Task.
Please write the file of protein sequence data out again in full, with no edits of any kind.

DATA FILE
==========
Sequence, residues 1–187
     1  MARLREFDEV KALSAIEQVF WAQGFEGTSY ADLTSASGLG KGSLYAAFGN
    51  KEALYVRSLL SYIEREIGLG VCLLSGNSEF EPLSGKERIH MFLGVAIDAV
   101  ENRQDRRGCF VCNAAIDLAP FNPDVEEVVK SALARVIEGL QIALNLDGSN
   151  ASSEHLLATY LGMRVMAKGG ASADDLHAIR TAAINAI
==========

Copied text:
Sequence, residues 1–187
     1  MARLREFDEV KALSAIEQVF WAQGFEGTSY ADLTSASGLG KGSLYAAFGN
    51  KEALYVRSLL SYIEREIGLG VCLLSGNSEF EPLSGKERIH MFLGVAIDAV
   101  ENRQDRRGCF VCNAAIDLAP FNPDVEEVVK SALARVIEGL QIALNLDGSN
   151  ASSEHLLATY LGMRVMAKGG ASADDLHAIR TAAINAI